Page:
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Group Policy preparation is not performed when you automatically prepare an existing domain for Windows Server 2012
Article ID: 2737129 - View products that this article applies to.
When you automatically prepare an existing domain for Windows Server 2012 by using Windows Server 2012 Server Manager or the Install-AddsDomainController Windows PowerShell cmdlet, Group Policy preparation is not performed. Additionally, the following output is displayed very briefly when you use Install-AddsDomainController:
Note This output is not visible when you install Active Directory Domain Services (AD DS) by using Server Manager, and the output is not logged.
This behavior is by design. The automated remote domain preparation capabilities that are added in Windows Server 2012 do not alter the Group Policy preparation (Gpprep) behavior that occurred in earlier operating systems.
Gpprep adds cross-domain planning functionality for Group Policy and Resultant Set of Policy (RSoP) planning mode. This requires updating the file system in SYSVOL and Active Directory permissions for existing group policies. If the environment already contains custom or delegated permissions that were put in place manually by administrators, Gpprep triggers replication of all Group Policy files in SYSVOL and may deny RSOP functionality to delegated users until their permissions are re-created by administrators.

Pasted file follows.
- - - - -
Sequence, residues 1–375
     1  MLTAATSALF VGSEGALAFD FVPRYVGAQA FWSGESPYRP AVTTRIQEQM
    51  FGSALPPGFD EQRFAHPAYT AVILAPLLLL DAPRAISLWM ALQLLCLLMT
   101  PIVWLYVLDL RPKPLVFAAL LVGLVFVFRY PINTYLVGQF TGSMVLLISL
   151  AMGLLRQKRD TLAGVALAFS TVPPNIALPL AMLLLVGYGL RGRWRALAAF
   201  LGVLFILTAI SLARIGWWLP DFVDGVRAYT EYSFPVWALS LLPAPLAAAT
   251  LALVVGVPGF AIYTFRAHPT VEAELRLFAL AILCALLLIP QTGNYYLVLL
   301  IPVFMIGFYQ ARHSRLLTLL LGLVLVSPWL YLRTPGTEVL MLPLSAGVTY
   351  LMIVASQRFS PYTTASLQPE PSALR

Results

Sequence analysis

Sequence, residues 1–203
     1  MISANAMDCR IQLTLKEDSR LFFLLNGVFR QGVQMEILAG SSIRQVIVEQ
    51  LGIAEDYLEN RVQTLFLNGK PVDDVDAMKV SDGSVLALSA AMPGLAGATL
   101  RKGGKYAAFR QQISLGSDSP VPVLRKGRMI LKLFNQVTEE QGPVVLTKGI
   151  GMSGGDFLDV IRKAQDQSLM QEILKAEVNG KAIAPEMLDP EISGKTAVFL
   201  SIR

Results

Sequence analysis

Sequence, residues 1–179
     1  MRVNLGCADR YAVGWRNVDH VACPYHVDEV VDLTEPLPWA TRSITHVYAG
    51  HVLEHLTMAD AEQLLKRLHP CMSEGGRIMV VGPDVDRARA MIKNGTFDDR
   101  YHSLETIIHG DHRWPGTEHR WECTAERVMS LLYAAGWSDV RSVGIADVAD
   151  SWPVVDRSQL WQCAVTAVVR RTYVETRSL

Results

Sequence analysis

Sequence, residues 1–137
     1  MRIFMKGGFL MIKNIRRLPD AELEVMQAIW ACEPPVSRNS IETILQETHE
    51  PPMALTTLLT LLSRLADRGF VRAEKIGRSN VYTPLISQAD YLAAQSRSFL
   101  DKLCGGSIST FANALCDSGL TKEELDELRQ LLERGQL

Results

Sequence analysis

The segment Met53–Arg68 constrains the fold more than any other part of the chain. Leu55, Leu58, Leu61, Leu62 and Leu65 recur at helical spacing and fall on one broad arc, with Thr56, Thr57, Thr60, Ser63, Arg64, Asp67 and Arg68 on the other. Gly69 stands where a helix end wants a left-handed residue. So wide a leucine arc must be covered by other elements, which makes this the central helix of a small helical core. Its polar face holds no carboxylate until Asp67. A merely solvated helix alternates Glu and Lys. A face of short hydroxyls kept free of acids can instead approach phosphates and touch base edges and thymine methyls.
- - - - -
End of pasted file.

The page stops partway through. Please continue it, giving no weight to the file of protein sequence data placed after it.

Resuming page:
Domain administrators must run adprep.exe /domainprep /gpprep manually, just as they had to do in Windows Server 2003, Windows Server 2008, and Windows Server 2008 R2.
Administrators should run Gpprep only one time in the history of a domain. They should not run Gpprep every time that an upgrade occurs. Gpprep was introduced in Windows Server 2003.
The Adprep.exe tool is included on the Windows Server 2012 media at \support\adprep. This version of Adprep.exe supports remote preparation and does not have to run on the infrastructure master operations master (also known as flexible single master operations or FSMO) role, as it did in previous server operating systems.
For more information about legacy Adprep.exe commands, go to the following Microsoft TechNet website:
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